Booksellers say readers are turning away from dark modern thrillers and back to the golden age of crime writing
    Anne-Marie Huby: 'Charities deserve the best,' says founder of JustGiving

    Anne-Marie Huby: 'Charities deserve the best'

    Ten million of us have used the JustGiving website to donate to good causes. Its co-founder says that being dynamic is as important as being kind
    The botanist who hunts for giant trees at Kew Gardens

    The man who hunts giants

    A Kew Gardens botanist has found 25 new large tree species - and he's sure there are more out there
    The 12 ways of Christmas: Spare a thought for those who will be working to keep others safe during the festive season

    The 12 ways of Christmas

    We speak to a dozen people who will be working to keep others safe, happy and healthy over the holidays
    Birdwatching men have a lot in common with their feathered friends, new study shows

    The male exhibits strange behaviour

    A new study shows that birdwatching men have a lot in common with their feathered friends...
    Diaries of Evelyn Waugh, Virginia Woolf and Noël Coward reveal how they coped with the December blues

    Famous diaries: Christmas week in history

    Noël Coward parties into the night, Alan Clark bemoans the cost of servants, Evelyn Waugh ponders his drinking…
    From noble to narky, the fall of the open letter

    From noble to narky, the fall of the open letter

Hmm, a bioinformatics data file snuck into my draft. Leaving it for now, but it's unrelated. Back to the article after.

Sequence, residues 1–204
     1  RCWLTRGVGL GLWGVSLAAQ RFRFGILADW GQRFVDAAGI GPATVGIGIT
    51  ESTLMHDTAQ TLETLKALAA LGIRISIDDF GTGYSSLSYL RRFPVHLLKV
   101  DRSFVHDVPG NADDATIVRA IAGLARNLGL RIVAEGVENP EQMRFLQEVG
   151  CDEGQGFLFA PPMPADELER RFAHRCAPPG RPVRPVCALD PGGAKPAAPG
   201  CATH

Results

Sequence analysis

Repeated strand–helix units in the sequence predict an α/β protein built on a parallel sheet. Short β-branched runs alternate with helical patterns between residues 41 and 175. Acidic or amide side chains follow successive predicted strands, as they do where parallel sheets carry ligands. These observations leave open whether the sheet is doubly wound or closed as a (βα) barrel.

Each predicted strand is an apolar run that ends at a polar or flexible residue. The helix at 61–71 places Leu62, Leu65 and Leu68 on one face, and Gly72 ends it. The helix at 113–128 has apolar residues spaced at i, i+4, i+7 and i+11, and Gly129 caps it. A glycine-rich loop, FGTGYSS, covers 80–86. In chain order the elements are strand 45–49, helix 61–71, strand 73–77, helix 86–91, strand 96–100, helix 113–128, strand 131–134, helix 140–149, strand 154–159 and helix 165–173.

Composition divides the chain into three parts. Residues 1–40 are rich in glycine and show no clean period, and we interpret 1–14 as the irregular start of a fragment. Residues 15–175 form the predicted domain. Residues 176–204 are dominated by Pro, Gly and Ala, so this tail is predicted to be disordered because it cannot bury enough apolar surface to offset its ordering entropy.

The great tradition of St Paul and Zola reached its nadir with a hungry worker's rant to Russell Brand, says DJ Taylor
    A Christmas ghost story by Alison Moore: A prodigal daughter has a breakthrough

    A Christmas ghost story by Alison Moore

    The story was published earlier this month in 'Poor Souls' Light: Seven Curious Tales'
    Marian Keyes: The author on her pre-approved Christmas, true love's parking implications and living in the moment

    Marian Keyes

    The author on her pre-approved Christmas, true love's parking implications and living in the moment
    Bill Granger recipes: Our chef creates an Italian-inspired fish feast for Christmas Eve

    Bill Granger's Christmas Eve fish feast

    Bill's Italian friends introduced him to the Roman Catholic custom of a lavish fish supper on Christmas Eve. Here, he gives the tradition his own spin…
    Liverpool vs Arsenal: Brendan Rodgers is fighting for his reputation

    Rodgers fights for his reputation

    Liverpool manager tries to stay on his feet despite waves of criticism
    Amir Khan: 'The Taliban can threaten me but I must speak out... innocent kids, killed over nothing. It’s sick in the mind'

    Amir Khan attacks the Taliban

    'They can threaten me but I must speak out... innocent kids, killed over nothing. It’s sick in the mind'
    Michael Calvin: Sepp Blatter is my man of the year in sport. Bring on 2015, quick

    Michael Calvin's Last Word

    Sepp Blatter is my man of the year in sport. Bring on 2015, quick